N2 - Background The impact of the coronavirus disease 2019 (COVID-19) pandemic on well-being has the potential for serious negative consequences on work, home life, and patient care. The European Society for Medical Oncology (ESMO) Resilience Task Force collaboration set out to investigate well-being in oncology over time since COVID-19. Methods Two online anonymous surveys were conducted (survey I: April/May 2020; survey II: July/August 2020). Statistical analyses were performed to examine group differences, associations, and predictors of key outcomes: (i) well-being/distress [expanded Well-being Index (eWBI; 9 items)]; (ii) burnout (1 item from eWBI); (iii) job performance since COVID-19 (JP-CV; 2 items). Results Responses from survey I (1520 participants from 101 countries) indicate that COVID-19 is impacting oncology professionals; in particular, 25% of participants indicated being at risk of distress (poor well-being, eWBI ≥ 4), 38% reported feeling burnout, and 66% reported not being able to perform their job compared with the pre-COVID-19 period. Higher JP-CV was associated with better well-being and not feeling burnout (P < 0.01). Differences were seen in well-being and JP-CV between countries (P < 0.001) and were related to country COVID-19 crude mortality rate (P < 0.05). Consistent predictors of well-being, burnout, and JP-CV were psychological resilience and changes to work hours. In survey II, among 272 participants who completed both surveys, while JP-CV improved (38% versus 54%, P < 0.001), eWBI scores ≥4 and burnout rates were significantly higher compared with survey I (22% versus 31%, P = 0.01; and 35% versus 49%, P = 0.001, respectively), suggesting well-being and burnout have worsened over a 3-month period during the COVID-19 pandemic. Conclusion In the first and largest global survey series, COVID-19 is impacting well-being and job performance of oncology professionals. JP-CV has improved but risk of distress and burnout has increased over time. Urgent measures to address well-being and improve resilience are essential.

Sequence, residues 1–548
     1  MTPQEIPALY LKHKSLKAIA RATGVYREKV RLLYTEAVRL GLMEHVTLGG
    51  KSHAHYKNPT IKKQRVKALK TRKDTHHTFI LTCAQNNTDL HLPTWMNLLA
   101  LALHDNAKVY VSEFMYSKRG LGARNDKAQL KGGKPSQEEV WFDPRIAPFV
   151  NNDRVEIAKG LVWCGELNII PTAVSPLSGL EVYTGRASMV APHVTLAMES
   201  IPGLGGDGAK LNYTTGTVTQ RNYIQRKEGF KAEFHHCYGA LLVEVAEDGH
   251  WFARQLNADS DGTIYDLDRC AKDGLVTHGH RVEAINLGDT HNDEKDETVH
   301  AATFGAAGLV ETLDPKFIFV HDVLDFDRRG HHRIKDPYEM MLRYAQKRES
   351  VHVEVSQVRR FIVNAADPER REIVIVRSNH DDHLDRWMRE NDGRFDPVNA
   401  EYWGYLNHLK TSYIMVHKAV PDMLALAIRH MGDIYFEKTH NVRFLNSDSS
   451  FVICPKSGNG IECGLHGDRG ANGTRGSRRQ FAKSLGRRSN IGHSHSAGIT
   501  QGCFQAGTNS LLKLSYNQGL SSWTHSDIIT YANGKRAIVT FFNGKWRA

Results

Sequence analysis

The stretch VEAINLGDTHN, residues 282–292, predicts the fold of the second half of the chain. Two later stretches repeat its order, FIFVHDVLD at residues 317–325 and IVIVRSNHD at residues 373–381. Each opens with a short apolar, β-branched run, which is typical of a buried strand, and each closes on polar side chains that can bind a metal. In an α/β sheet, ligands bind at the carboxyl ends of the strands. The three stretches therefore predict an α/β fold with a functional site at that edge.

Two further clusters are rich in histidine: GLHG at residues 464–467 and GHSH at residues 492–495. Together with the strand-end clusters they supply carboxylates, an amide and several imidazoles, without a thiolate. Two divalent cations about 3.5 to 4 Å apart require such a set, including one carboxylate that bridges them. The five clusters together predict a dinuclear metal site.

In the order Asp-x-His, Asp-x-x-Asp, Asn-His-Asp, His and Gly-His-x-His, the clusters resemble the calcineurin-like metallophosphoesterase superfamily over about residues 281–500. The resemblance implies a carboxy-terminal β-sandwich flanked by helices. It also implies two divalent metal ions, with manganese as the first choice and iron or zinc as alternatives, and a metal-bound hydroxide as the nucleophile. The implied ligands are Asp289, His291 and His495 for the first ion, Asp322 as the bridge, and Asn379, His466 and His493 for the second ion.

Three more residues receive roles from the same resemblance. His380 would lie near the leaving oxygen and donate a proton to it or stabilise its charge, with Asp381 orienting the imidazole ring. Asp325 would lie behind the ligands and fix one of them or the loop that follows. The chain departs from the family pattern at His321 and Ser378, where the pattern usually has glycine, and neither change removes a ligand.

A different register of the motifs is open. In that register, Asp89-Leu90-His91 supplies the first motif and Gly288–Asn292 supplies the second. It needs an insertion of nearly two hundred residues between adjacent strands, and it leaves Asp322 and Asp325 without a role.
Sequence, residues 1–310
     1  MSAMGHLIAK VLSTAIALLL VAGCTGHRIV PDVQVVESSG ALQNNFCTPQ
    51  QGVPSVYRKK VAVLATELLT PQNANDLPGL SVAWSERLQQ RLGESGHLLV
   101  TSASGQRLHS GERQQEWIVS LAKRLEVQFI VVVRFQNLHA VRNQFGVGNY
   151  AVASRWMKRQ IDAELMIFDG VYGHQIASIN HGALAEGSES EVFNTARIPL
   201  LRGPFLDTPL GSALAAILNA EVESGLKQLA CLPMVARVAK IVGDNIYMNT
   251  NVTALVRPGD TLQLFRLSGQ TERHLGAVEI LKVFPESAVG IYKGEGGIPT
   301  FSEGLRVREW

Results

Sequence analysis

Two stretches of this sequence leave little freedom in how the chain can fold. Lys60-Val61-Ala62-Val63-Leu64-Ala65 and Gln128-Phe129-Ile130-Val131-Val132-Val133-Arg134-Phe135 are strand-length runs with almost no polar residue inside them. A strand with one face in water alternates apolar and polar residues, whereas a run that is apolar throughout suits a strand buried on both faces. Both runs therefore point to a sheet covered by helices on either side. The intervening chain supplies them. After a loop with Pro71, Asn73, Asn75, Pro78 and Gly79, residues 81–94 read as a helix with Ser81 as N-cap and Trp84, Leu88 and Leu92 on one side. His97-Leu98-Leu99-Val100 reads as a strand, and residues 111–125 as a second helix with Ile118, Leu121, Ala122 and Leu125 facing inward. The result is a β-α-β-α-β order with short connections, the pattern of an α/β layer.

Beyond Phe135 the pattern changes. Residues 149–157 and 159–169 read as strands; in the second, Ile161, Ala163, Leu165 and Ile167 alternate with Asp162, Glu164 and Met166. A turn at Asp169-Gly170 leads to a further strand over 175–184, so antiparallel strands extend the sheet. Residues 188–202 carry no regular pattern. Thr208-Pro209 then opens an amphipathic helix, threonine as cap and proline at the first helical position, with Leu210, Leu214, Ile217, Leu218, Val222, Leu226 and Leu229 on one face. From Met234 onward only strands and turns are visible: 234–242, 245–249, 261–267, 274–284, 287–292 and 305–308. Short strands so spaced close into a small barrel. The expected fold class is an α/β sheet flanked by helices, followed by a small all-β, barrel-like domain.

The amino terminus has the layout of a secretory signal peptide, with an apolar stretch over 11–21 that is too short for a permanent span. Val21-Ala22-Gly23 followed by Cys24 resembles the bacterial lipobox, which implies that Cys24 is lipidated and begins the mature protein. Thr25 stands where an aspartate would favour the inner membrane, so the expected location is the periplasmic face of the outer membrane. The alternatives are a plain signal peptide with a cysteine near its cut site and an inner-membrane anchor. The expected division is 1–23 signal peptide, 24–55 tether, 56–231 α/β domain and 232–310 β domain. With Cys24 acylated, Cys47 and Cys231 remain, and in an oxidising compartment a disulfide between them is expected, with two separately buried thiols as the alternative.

AB - Background The impact of the coronavirus disease 2019 (COVID-19) pandemic on well-being has the potential for serious negative consequences on work, home life, and patient care. The European Society for Medical Oncology (ESMO) Resilience Task Force collaboration set out to investigate well-being in oncology over time since COVID-19. Methods Two online anonymous surveys were conducted (survey I: April/May 2020; survey II: July/August 2020). Statistical analyses were performed to examine group differences, associations, and predictors of key outcomes: (i) well-being/distress [expanded Well-being Index (eWBI; 9 items)]; (ii) burnout (1 item from eWBI); (iii) job performance since COVID-19 (JP-CV; 2 items). Results Responses from survey I (1520 participants from 101 countries) indicate that COVID-19 is impacting oncology professionals; in particular, 25% of participants indicated being at risk of distress (poor well-being, eWBI ≥ 4), 38% reported feeling burnout, and 66% reported not being able to perform their job compared with the pre-COVID-19 period. Higher JP-CV was associated with better well-being and not feeling burnout (P < 0.01). Differences were seen in well-being and JP-CV between countries (P < 0.001) and were related to country COVID-19 crude mortality rate (P < 0.05). Consistent predictors of well-being, burnout, and JP-CV were psychological resilience and changes to work hours. In survey II, among 272 participants who completed both surveys, while JP-CV improved (38% versus 54%, P < 0.001), eWBI scores ≥4 and burnout rates were significantly higher compared with survey I (22% versus 31%, P = 0.01; and 35% versus 49%, P = 0.001, respectively), suggesting well-being and burnout have worsened over a 3-month period during the COVID-19 pandemic. Conclusion In the first and largest global survey series, COVID-19 is impacting well-being and job performance of oncology professionals. JP-CV has improved but risk of distress and burnout has increased over time. Urgent measures to address well-being and improve resilience are essential.

KW - well-being

KW - burnout

KW - job performance

KW - oncology professionals

KW - resilience

KW - COVID-19

U2 - 10.1016/j.esmoop.2021.100058

DO - 10.1016/j.esmoop.2021.100058

M3 - Journal article

VL - 6

JO - ESMO Open

JF - ESMO Open

IS - 2

M1 - 100058

ER -